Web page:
BY JOHN SANFORD Reviel Netz, an assistant professor of classics, might not have actually shouted "Eureka!" on a visit last year to the Walters Art Museum in Baltimore, but that's what he was thinking. A scholar of Greek mathematics, Netz was hanging out with one of his colleagues and frequent collaborators, Professor Ken Saito of the Osaka Prefecture University in Japan, when they flew together to Baltimore in January 2001 to look at a recently rediscovered codex of Archimedes treatises. "It was basically just tourism," Netz recalled. On
a lark they examined a theretofore unread section of A section from The Archimedes Palimpsest, which classics Professor Reviel Netz stumbled on during a visit to the Walters Art Museum in Baltimore. Closer examination showed the Greeks understood the concept of infinity. ROCHESTER INSTITUTE OF TECHNOLOGY, WALTERS ART MUSEUM, JOHNS HOPKINS UNIVERSITY
The Archimedes Palimpsest, as the book is called, is in terrible shape. (A palimpsest is a manuscript that has been written on more than once; in this case, a 13th-century Greek prayer book overlays the 10th-century script of the treatises.) The pages have been battered, gouged, scorched by fire and blotched by fungus. Without the use of computer technology, they would be mostly unreadable. But
when the palimpsest caught the attention of the great Danish
philologist Johan Ludvig Heiberg in 1906, the underlying script was
much more legible. At that time, the volume was in a library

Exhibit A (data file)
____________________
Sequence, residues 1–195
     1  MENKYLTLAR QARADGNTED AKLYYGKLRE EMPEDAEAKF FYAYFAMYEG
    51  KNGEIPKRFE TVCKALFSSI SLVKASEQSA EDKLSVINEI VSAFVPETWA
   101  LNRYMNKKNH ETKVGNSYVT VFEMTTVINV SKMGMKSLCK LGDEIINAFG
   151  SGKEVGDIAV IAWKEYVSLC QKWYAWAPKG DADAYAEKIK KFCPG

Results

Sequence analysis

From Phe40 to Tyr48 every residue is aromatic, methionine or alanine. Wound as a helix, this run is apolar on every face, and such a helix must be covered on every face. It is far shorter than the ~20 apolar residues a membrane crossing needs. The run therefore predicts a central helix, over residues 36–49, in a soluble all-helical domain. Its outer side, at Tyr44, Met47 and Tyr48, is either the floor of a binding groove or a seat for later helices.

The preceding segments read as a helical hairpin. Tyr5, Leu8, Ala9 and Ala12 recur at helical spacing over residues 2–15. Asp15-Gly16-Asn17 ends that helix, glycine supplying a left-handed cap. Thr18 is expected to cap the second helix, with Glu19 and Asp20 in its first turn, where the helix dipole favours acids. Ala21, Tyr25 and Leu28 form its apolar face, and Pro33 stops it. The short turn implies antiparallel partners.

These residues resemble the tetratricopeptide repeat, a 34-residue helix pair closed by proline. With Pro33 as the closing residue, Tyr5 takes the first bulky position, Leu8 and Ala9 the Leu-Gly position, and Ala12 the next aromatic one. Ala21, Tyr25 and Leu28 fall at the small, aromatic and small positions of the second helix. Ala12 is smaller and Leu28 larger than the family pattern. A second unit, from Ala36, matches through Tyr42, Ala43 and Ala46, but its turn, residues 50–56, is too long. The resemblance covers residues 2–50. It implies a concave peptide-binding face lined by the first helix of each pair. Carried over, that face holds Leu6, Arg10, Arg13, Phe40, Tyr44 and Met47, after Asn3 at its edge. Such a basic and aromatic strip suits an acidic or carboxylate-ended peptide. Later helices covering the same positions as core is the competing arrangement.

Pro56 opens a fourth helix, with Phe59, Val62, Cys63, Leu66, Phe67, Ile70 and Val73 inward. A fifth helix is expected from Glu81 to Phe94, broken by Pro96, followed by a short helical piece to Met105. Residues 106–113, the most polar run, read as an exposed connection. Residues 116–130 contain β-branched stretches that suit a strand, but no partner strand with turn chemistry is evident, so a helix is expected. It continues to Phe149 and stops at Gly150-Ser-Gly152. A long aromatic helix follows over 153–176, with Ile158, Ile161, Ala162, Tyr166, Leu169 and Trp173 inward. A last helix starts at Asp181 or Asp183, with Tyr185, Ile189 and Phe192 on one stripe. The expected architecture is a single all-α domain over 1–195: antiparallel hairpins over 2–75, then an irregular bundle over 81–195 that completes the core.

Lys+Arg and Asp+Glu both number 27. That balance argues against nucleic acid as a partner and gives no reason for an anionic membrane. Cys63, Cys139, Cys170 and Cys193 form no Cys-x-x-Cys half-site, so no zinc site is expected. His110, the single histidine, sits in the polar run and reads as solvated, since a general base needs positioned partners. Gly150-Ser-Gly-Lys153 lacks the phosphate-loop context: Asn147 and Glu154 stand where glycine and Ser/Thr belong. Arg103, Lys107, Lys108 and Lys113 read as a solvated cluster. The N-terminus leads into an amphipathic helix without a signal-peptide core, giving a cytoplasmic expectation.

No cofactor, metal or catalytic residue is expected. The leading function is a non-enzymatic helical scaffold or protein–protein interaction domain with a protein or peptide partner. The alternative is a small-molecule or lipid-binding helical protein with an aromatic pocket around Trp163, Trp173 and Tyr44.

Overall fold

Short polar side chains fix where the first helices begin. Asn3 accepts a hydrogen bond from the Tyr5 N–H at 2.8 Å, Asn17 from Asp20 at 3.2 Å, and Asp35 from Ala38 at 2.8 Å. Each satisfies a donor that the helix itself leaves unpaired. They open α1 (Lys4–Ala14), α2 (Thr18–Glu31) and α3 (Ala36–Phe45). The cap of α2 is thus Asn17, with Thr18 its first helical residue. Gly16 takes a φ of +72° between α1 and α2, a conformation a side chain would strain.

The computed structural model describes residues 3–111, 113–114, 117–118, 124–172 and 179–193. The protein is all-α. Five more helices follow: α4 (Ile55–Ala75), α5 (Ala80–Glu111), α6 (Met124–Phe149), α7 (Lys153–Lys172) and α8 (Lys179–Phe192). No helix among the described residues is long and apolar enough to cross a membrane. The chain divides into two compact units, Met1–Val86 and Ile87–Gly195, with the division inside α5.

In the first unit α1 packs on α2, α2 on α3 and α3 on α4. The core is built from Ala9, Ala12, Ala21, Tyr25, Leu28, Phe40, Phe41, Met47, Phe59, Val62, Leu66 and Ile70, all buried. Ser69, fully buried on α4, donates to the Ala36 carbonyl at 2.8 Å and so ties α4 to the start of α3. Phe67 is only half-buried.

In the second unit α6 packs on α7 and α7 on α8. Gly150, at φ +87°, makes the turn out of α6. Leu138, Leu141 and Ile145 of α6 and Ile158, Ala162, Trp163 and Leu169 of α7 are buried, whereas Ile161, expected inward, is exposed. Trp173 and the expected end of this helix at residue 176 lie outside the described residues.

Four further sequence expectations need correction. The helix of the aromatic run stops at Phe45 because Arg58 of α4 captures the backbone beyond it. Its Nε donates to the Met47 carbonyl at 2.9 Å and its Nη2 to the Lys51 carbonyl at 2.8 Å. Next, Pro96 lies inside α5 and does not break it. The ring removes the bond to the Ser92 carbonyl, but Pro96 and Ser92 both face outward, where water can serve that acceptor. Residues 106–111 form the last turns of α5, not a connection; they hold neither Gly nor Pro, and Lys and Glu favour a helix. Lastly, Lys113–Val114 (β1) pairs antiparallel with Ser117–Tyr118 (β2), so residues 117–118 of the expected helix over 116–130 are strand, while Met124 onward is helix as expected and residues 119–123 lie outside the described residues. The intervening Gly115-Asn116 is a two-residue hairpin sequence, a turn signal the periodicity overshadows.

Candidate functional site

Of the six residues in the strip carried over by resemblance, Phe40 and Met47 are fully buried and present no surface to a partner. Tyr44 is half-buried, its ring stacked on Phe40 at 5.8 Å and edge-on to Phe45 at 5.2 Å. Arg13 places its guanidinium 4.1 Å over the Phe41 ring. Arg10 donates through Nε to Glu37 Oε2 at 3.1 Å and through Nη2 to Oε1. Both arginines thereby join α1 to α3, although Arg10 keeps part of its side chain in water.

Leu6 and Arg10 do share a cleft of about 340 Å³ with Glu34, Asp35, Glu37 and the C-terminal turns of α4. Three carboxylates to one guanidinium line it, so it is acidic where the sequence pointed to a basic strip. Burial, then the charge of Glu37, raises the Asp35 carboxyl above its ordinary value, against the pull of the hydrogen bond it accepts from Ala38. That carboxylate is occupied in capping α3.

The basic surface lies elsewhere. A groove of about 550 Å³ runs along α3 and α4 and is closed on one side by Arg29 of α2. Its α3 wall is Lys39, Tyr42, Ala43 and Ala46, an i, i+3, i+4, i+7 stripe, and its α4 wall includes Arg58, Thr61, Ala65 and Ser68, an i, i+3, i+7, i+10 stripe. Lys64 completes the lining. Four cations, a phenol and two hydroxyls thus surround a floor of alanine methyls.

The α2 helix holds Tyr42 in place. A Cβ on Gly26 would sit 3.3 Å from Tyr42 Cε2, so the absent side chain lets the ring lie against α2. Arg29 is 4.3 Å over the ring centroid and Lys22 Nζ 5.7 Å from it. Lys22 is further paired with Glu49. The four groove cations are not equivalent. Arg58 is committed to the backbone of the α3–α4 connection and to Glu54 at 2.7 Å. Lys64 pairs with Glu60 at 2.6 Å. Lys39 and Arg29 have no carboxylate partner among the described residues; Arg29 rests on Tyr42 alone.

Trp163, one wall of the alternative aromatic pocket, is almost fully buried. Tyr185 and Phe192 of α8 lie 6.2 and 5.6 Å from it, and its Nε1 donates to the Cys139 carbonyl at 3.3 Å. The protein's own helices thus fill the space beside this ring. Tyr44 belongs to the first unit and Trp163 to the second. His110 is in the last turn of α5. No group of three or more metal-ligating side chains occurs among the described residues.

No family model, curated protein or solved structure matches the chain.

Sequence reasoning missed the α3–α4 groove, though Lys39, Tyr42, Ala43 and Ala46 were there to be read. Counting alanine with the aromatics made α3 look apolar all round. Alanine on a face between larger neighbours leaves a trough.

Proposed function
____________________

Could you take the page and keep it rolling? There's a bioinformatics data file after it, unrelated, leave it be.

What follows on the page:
collection in Constantinople -- present-day Istanbul -- and, until
Heiberg went to examine it, nobody seems to have realized its
importance; the book contained the ancient Greek mathematician's
previously unknown treatise on Heiberg's find made the front page of the The
buyer permitted the text to be displayed as part of an exhibition
titled
The ancient Greeks developed mathematics into a theoretical discipline. But conventional wisdom has always held that they disliked dealing with infinity because it's a messy concept. "Infinities give rise to all sorts of slippery problems," Netz explained. In the 17th century, however, mathematics underwent a fundamental shift, thanks mostly to the efforts of England's Sir Isaac Newton and Germany's Gottfried Wilhelm Leibniz, who built upon Galileo's work and who are credited with inventing calculus. In the 19th century, mathematicians rebuilt the calculus to create a rigorous and precise "science of infinity," Netz explained. For the past 100 years -- that is, since Heiberg first looked at the palimpsest -- scholars have known that Archimedes toyed heuristically with concepts of infinity. But what Netz and Saito found in the palimpsest was that Archimedes actually had dealt with infinitely large sets in a mathematical proof. "It
has always been thought that modern mathematicians were the first
to be able to handle infinitely large sets, and that this was
something the Greek mathematicians never attempted to do," Netz
writes in an essay on Archimedes published in the Nov. 1 issue of
The proof in question is too complex to explain here, but suffice it to say that its shakes up the historical view of pre-calculus to its very foundations. And this is something Netz particularly enjoys. "As an undergraduate, I was told the given fact that a feature of Greek thinking in general is the abhorrence of infinity," he said. "We tend to think that cultures are monoliths, and I really like this example showing that cultures are not monoliths." In other words, it is impossible to pigeonhole ancient Greek thought or, for that matter, the intellectual culture of any civilization. People like to simplify forces that shape history, and this can lead to conceptually crude, underdeveloped ideas -- such as that the Victorians were sexually repressed. Archimedes, who lived in the third century B.C., is probably
best known as the protagonist in the apocryphal story about water
displacement -- if it were a Hollywood film, it would be titled
"The bath anecdote does not give us the true measure of the
man," Netz writes. "In |
Reviel Netz |

Stanford Report, November 6, 2002